However pleurectomy in Thoracotomy was once used as the gold standard technique as recent as 2003 (3,10). Indeed the treatment of spontaneous pneumothorax has been developed from open thoracotomy to VATS over recent decades. Because of lower invasiveness, compared with open surgery, conventional VATS has been clearly shown to offer greater advantages in regard to postoperative stay, operative time, chest tube duration and postoperative pain (11,12), improving fast recovery of patients. The single port or single incision or uniportal approach was developed as an even less invasive alternative to the standard multi-port VATS.
In the last years few reports evaluated the efficacy of U-VATS in the treatment of primary PNX; most of them were either retrospective, monocentric and unfocused works that often yielded to conflicting results (13). While some authors reported better postoperative outcomes in terms of operative time, blood loss, postoperative pain (13-16), others didn’t (17). Moreover authors experienced limitations in surgical exposure and technical difficulties in performing U-VATS rather than in three port VATS (18).
We conducted this propensity score matching analysis in a bicentric cohort of patients to evaluate and compare U-VATS to three-port VATS for the treatment of PSP, assessing the potential advantages of U-VATS over three-port one. Several parameters, like mortality, recurrence, complications, postoperative stay, preoperative stay, chest tube duration, operative time, pain in I postoperative day, pain after chest drain removal, postoperative pain duration, painkiller intake, paresthesia and cosmetic results, were evaluated.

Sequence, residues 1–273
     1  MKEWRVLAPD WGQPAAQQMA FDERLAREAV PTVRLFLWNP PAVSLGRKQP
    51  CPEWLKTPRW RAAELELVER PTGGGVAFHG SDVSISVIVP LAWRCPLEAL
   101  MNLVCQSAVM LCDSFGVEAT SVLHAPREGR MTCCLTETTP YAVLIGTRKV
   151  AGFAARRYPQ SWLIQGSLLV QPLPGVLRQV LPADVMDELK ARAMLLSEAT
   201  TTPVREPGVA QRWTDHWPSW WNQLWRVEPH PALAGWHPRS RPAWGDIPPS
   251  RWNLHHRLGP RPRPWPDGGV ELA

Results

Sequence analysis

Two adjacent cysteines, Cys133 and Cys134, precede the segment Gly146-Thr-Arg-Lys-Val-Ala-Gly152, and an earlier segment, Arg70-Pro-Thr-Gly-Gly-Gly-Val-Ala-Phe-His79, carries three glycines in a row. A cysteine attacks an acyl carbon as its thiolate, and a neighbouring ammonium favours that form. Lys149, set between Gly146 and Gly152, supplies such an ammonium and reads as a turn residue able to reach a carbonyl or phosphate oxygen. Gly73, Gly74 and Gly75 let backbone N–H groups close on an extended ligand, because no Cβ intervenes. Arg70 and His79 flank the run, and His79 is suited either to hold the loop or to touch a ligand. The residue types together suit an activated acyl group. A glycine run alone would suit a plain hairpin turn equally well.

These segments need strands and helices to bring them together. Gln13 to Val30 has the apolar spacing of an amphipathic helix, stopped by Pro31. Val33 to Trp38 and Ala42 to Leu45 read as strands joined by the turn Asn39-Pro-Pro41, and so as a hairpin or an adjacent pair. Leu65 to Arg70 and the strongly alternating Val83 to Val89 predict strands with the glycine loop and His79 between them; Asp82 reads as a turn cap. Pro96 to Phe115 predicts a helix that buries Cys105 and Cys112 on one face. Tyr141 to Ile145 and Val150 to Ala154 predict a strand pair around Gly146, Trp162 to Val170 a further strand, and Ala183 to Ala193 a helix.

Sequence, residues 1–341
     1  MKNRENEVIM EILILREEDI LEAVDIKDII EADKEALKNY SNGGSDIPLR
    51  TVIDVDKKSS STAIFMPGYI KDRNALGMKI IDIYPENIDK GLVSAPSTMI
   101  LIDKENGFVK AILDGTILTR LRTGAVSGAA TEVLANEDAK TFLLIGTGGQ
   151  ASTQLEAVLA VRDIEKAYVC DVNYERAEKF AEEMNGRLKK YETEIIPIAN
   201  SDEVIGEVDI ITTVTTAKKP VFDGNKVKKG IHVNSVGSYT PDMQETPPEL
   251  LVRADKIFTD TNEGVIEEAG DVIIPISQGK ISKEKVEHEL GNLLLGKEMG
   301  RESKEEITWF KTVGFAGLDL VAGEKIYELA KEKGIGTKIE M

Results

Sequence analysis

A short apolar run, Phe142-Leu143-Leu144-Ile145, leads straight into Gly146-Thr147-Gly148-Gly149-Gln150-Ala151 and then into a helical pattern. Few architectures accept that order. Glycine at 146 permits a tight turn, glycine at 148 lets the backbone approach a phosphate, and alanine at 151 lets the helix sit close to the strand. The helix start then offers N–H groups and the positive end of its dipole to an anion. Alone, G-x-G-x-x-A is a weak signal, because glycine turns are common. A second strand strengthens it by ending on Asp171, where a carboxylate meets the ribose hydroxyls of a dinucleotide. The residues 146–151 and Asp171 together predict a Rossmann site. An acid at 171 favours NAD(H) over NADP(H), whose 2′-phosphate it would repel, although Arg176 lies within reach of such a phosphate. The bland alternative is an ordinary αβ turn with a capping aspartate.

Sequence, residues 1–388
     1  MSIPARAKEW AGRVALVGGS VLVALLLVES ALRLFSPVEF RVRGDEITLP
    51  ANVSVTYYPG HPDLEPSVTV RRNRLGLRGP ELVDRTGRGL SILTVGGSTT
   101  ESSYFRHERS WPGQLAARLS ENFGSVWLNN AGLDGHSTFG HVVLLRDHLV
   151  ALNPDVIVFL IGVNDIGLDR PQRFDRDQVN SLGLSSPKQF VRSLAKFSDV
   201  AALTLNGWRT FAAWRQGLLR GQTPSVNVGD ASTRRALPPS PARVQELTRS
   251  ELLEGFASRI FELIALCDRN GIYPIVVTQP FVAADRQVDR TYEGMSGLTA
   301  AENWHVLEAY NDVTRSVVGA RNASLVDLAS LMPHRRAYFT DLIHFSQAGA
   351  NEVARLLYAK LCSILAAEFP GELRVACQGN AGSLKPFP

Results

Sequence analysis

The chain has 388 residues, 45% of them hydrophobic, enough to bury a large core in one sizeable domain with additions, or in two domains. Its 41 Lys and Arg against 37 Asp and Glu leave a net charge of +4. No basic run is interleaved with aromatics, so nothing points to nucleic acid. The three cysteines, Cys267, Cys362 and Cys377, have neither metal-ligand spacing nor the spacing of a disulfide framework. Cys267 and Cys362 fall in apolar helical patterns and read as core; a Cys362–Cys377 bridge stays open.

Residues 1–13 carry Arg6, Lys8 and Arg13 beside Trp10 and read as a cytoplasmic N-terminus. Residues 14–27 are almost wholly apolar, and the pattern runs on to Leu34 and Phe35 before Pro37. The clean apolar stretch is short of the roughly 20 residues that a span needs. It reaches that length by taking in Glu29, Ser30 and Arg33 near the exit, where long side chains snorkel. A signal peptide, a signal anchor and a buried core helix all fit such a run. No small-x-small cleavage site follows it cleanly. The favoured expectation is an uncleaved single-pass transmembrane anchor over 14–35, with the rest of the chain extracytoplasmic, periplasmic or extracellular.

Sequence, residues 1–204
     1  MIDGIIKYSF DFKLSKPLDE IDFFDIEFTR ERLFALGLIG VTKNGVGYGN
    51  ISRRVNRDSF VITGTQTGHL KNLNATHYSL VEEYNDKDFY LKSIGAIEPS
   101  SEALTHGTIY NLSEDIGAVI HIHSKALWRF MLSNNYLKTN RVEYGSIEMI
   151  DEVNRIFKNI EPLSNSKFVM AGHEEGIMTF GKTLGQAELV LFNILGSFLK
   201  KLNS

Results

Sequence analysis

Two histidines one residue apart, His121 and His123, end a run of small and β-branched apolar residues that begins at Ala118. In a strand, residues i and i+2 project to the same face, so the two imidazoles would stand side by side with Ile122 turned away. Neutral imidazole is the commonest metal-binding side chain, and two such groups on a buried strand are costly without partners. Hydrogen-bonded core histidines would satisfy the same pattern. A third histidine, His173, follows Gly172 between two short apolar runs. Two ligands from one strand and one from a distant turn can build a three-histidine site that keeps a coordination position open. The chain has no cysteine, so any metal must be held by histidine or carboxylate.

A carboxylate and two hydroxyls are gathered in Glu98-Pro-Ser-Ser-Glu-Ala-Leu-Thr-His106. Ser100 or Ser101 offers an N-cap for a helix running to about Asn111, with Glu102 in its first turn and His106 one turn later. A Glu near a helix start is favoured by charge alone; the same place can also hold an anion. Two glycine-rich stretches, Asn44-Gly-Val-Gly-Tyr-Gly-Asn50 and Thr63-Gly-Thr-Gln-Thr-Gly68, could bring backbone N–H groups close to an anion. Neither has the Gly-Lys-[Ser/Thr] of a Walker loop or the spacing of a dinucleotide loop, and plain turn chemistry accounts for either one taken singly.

Compared to the three-port VATS group, there was no significant difference in the U-VATS group in terms of mortality, recurrence and complications. The mortality rate and recurrence was 0% in both groups. Complications were reported in only 1 (4.3%) patient per each group, no serious complications occurred. We found a significant statistical difference in postoperative stay, operative time, pain in I postoperative day, length of postoperative drainage, pain after chest tube removal, postoperative pain duration, pain killer intake, cosmetic results, paresthesia and neuralgia in favor of U-VATS. In fact U-VATS group was significantly associated with lower paresthesia (P<<0.001), postoperative pain (P<<0.001), and higher patient satisfaction in the short-term.
These good results in terms of pain were similar to other studies (19) and maybe related to the position of the incision in U-VATS (more anterior, where the intercostal space is wider) and the use of a wound protector (instead of one or more trocar), all factors that protect intercostal tissue and nerve-vascular bundle from scratching and compression.
Therefore U-VATS technique was feasible and as clinically safe as the three-port VATS technique and guaranteed excellent outcomes in our series.
In a recent meta-analysis of 2015, Qin et al. (20) drew to similar conclusions: U-VATS did not increase operative time neither prolong postoperative drainage or hospital stay compared with three-port VATS. However, focusing on patients’ postoperative pain and paresthesia, U-VATS could reduce them and improve cosmesis and patients’ satisfaction.
In the above mentioned meta-analysis (20), only two studies reported a conversion from U-VATS to three-port VATS. Chen et al. (6) stated that the conversion from U-VATS to three-port VATS for hemostasis is really infrequent, contrary to the number of conversions to thoracotomy. Igai et al. (21) reported that only one patient required conversion to a three-port approach because of severe adhesions. In our series there wasn’t any conversion or necessity of any further access.
The main limitations of our manuscript are the small sample of patients and the retrospective nature of the study but, to the best of our knowledge, this is the only bicentric study based on a propensity score matching analysis of prospectively collected data.
In conclusion, according to our experience, U-VATS is a safe, feasible and effective technique for the treatment of PSP. And in line with literature evidence, reduction of postoperative paresthesia, neuralgia, pain and length of stay seem to be some of the advantages of U-VATS.
Conflicts of Interest: The authors have no conflicts of interest to declare.
Ethical Statement: This study was approved by the Institutional Review Board of Catholic University of Sacred Hearth (Rome) and Charité - Universitätsmedizin (Berlin).